HUNGERFORD, John (by 1516-82), of Stokke, Wilts. and Down Ampney, Glos.
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Family and Education
b. by 1516, 1st s. of Sir Anthony Hungerford of Down Ampney by 1st w. Jane, da. of Sir Edward Darrell of Littlecote, Wilts.; bro. of Edward. educ. I. Temple, adm. 5 Feb 1534. m. (1) by 1541, Bridget, da. of John Fettiplace of East Shefford, Berks., at least 1s.; (2) settlement 1 June 1563, Eleanor, da. of Walter, Lord Hungerford of Heytesbury, Wilts., wid. of William Master(s); at least 2s. 4da. suc. fa. 18 Nov. 1558. Kntd. Sept. 1574.1
Marshal, I. Temple Christmas 1552, steward 1564.
Commr. relief, Wilts. 1550; j.p. Glos. 1569-?d., Wilts. in 1578; sheriff, Glos. 1567-8.2
The historians of the Hungerford family and of Great Bedwyn were mistaken in regarding the second Member for that borough in Mary’s first Parliament as the son of Anthony Hungerford by Barbara, daughter of Sir John Wriothesley, Garter King of Arms. The indenture made on 24 Sept. 1553, styles him John Hungerford ‘of Stoke’, thus identifying him with the eldest son of Sir Anthony Hungerford of Down Ampney who is so described in the wills of both his parents and who appears on the pardon roll of 1559, after he had entered upon his inheritance, as ‘of Down Ampney, co. Glos. alias of Stoke, co. Wilts.’. Stoke, or Stokke, adjoins Great Bedwyn, and there can be no doubt that the John Hungerford ‘of Bedwyn and the borough’ who contributed 20s. to the benevolence of 1545 and was a freeholder and burgess there was also the Member, especially as his father sat in this Parliament as one of the knights for Gloucestershire. It has been suggested that John Hungerford was returned for Bedwyn to the previous Parliament, but no support has been found for this. Although he was not to sit again, he was succeeded at Bedwyn first by Edward Hungerford, almost certainly his brother, and then by his brother-in-law Henry Clifford. In 1550 Clifford and John Hungerford had given evidence in support of Christopher Dysmars (q.v.) before a Wiltshire jury.3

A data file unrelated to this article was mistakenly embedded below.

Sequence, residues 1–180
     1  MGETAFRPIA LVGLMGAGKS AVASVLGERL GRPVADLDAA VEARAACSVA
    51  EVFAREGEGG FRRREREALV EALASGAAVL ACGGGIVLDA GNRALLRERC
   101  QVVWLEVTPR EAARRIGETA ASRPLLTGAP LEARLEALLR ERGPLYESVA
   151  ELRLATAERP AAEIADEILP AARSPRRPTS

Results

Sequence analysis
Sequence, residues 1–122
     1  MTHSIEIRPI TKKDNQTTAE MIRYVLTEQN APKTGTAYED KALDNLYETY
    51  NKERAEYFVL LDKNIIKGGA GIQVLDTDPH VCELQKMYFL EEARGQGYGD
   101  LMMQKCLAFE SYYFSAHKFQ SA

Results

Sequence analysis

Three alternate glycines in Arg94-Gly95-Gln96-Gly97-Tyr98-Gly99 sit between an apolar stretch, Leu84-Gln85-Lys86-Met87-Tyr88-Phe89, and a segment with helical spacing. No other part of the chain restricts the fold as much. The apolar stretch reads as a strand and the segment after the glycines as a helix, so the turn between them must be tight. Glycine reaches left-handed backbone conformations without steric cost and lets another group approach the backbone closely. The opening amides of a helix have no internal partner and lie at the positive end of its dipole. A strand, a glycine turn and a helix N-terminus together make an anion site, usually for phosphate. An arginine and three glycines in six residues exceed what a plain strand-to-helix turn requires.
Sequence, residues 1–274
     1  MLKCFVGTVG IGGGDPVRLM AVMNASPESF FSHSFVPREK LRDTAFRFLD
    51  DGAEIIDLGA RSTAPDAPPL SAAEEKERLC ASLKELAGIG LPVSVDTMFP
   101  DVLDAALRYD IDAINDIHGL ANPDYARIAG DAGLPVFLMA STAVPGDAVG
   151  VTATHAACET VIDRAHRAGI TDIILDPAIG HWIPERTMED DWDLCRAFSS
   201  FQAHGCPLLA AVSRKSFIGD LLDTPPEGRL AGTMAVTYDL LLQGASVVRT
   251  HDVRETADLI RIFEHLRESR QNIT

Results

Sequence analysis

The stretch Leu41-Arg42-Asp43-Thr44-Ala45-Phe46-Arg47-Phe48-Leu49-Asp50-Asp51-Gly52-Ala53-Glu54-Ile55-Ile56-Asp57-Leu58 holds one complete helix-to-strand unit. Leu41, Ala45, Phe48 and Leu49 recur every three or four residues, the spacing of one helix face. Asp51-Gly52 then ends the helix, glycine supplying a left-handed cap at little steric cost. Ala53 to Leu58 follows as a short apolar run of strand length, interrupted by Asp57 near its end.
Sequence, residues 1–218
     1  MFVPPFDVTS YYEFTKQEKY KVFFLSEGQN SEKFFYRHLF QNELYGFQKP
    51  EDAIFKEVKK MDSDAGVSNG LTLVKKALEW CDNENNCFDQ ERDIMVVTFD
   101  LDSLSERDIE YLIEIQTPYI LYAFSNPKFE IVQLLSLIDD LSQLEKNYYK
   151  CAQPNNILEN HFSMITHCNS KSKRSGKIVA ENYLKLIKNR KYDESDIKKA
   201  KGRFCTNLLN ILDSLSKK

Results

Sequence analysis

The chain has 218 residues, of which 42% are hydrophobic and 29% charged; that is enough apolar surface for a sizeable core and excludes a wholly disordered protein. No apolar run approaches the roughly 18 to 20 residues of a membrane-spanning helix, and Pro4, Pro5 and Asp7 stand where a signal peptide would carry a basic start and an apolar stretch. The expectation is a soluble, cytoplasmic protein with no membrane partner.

His legal studies notwithstanding, Hungerford seems to have led the life of a country gentleman concerned with the improvement of his estates. Although neither he nor his father was noted as having ‘stood for the true religion’ in Mary’s first Parliament, their absence from succeeding ones and his own lack of local office under Mary suggests that he may have lacked enthusiasm for her regime. With the accession of Elizabeth, and his own succession to his patrimony, he was to become more active. In 1564 he was described by the bishop of Gloucester, who recommended him as suitable for the bench, as ‘a man of worship and fair possessions’, and he became both a justice and sheriff. Yet it is clear that his path had not been an easy one, for although as his father’s solicitor he had ‘paid and discharged a great mass of money’, nearly 30 years after his father’s death he found it necessary to provide in his own will for de